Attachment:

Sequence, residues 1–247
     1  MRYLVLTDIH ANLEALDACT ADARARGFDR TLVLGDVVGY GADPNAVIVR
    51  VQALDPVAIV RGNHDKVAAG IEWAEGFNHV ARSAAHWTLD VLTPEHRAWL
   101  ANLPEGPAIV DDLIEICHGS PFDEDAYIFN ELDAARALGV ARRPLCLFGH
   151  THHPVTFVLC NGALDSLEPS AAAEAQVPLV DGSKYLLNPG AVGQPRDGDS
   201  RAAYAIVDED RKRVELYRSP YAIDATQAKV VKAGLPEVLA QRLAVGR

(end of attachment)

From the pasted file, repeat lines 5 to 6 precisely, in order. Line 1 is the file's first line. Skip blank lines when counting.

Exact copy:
   151  THHPVTFVLC NGALDSLEPS AAAEAQVPLV DGSKYLLNPG AVGQPRDGDS
   201  RAAYAIVDED RKRVELYRSP YAIDATQAKV VKAGLPEVLA QRLAVGR